The only times I really use the iPad in place of the Kindle is when I'm in a dark place (I've used it quite a bit outside at the hot tub at night), and I use the iPad for Instapaper usually instead of the Kindle.
Another reason I prefer longer reading (which Instapaper doesn't really fall under, while articles are usually longer form it's not like it's a book) on the Kindle is because with the iPad I find that I'll be too easily tempted to press Home and mess around with something else (I realize this is my own fault and not necessarily a fault of the iPad, but it's something that I'm sure other dual-owners have experienced).
Is the backlight actually all that much of a differentiator? It seems like it should be, but apart from the greater uniformity of a backlight, what are the practical differences? This question of emissive versus reflective light is itself a fuzzy distinction because, with an LCD, you're seeing light bounced through the diffuser behind the liquid crystal, not directly from the CCFL or LED.
There is, however, a surprisingly major difference (at least to me) which is highlighted by this microscope comparison: Dot pitch. The iPad's IPS panel has a pretty average dot pitch, but I was surprised to see that the Kindle's e-ink display has essentially none. Even though the eye compensates for dot pitch, I have to wonder if that still might make a difference.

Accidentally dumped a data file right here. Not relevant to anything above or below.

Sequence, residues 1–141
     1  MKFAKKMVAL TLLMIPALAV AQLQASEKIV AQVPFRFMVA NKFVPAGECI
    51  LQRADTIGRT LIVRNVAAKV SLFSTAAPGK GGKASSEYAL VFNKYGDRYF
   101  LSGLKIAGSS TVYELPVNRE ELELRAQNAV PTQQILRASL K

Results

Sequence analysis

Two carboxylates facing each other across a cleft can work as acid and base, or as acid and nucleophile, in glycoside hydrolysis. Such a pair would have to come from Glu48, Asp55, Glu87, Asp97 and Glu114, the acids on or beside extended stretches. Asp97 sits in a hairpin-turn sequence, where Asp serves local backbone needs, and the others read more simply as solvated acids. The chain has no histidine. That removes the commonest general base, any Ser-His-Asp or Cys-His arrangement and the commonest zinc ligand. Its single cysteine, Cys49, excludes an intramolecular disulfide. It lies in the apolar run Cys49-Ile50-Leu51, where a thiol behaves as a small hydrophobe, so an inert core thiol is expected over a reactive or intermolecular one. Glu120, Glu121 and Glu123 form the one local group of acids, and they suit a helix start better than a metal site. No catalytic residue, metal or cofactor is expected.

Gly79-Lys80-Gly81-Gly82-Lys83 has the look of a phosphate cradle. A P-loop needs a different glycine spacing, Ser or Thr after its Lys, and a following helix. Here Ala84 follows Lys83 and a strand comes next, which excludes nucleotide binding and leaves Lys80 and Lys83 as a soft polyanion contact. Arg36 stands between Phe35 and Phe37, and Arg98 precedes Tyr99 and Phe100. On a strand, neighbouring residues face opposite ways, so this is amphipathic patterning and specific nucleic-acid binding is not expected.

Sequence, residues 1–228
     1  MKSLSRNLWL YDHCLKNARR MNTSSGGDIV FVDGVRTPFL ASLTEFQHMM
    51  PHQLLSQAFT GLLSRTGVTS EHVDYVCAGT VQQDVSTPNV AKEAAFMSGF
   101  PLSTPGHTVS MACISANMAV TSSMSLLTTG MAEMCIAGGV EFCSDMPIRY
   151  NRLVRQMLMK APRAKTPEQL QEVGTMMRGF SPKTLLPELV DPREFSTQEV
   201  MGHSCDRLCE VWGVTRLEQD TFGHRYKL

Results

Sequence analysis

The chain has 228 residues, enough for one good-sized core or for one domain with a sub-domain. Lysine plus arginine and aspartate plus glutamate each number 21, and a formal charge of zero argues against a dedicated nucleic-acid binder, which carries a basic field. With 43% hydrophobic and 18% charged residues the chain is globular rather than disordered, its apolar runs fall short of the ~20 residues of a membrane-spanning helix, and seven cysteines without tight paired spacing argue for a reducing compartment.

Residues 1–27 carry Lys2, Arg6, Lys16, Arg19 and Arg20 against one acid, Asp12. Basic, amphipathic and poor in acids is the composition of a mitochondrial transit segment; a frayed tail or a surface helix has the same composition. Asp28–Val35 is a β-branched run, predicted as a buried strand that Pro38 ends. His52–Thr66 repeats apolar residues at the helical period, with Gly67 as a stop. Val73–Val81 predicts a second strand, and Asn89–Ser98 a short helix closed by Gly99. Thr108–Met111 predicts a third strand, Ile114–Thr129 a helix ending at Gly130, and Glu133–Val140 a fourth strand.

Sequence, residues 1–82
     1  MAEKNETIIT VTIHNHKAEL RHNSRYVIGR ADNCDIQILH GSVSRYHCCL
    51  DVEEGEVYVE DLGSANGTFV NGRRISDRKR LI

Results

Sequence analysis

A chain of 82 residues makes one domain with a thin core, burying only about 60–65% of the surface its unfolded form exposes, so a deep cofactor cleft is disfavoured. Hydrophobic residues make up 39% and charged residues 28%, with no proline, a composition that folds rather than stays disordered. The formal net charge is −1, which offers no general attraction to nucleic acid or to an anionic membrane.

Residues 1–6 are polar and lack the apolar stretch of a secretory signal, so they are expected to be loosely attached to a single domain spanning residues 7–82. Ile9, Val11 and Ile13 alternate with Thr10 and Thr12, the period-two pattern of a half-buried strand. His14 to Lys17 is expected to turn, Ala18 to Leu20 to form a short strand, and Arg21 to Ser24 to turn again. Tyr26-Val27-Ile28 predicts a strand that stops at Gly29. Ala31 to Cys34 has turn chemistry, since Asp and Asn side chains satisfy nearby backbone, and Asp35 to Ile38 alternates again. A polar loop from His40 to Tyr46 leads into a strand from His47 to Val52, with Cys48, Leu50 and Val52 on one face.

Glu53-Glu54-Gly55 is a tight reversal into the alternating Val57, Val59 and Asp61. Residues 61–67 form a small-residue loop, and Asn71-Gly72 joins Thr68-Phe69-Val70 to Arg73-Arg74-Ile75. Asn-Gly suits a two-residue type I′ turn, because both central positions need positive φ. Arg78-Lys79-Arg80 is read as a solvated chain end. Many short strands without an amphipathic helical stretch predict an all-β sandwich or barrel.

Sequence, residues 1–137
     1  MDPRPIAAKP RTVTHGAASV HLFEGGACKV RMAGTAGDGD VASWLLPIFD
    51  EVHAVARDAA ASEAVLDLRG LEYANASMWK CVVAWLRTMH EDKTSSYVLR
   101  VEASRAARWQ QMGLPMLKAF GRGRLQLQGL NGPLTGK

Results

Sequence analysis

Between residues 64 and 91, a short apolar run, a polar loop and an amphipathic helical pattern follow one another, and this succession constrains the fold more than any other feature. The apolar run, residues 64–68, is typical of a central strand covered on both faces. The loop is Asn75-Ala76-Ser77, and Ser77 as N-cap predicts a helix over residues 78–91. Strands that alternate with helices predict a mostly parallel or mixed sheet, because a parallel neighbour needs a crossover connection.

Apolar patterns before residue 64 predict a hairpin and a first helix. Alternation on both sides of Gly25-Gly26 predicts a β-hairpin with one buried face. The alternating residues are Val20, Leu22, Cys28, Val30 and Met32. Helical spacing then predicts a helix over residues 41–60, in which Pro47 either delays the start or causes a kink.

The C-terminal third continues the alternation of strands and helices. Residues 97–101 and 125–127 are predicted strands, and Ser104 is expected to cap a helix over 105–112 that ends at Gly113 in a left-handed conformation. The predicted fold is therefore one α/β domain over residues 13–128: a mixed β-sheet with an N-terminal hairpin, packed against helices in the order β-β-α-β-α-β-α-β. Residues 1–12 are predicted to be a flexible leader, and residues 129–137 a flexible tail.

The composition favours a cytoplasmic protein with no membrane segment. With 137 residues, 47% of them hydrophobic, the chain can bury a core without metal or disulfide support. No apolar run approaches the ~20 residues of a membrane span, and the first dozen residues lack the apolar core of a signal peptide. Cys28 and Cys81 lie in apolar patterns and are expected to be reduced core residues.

I am not sure if there is that much of a practical difference between having a backlight or not. As someone who reads a lot of fiction though the Kindle experience feels exactly like a paperback with the added bonus of a dictionary and notes. The iPad may be better for some people but it is not the same thing as reading a printed book like the Kindle is.
Have you actually used a Kindle or another device with an e-ink display? It is uncanny how simliar it is to paper. It literally looks like a piece of paper morphs into new page when change page. It is really out of this world.
Anyway, there are many reasons why the Kindle is more like reading a real book besides the display that looks identical to a piece of printed paper. First of all, neither books nor the Kindle have a backlight which does, in fact, make the Kindle more simliar to a book than an iPad despite its lack of pages... You can read a Kindle on the beach or on a deck in the brightest sunlight you can imagine and the screen will just look better. The same goes for a real book. Just try that with iPad with a backlight and you will see a difference there.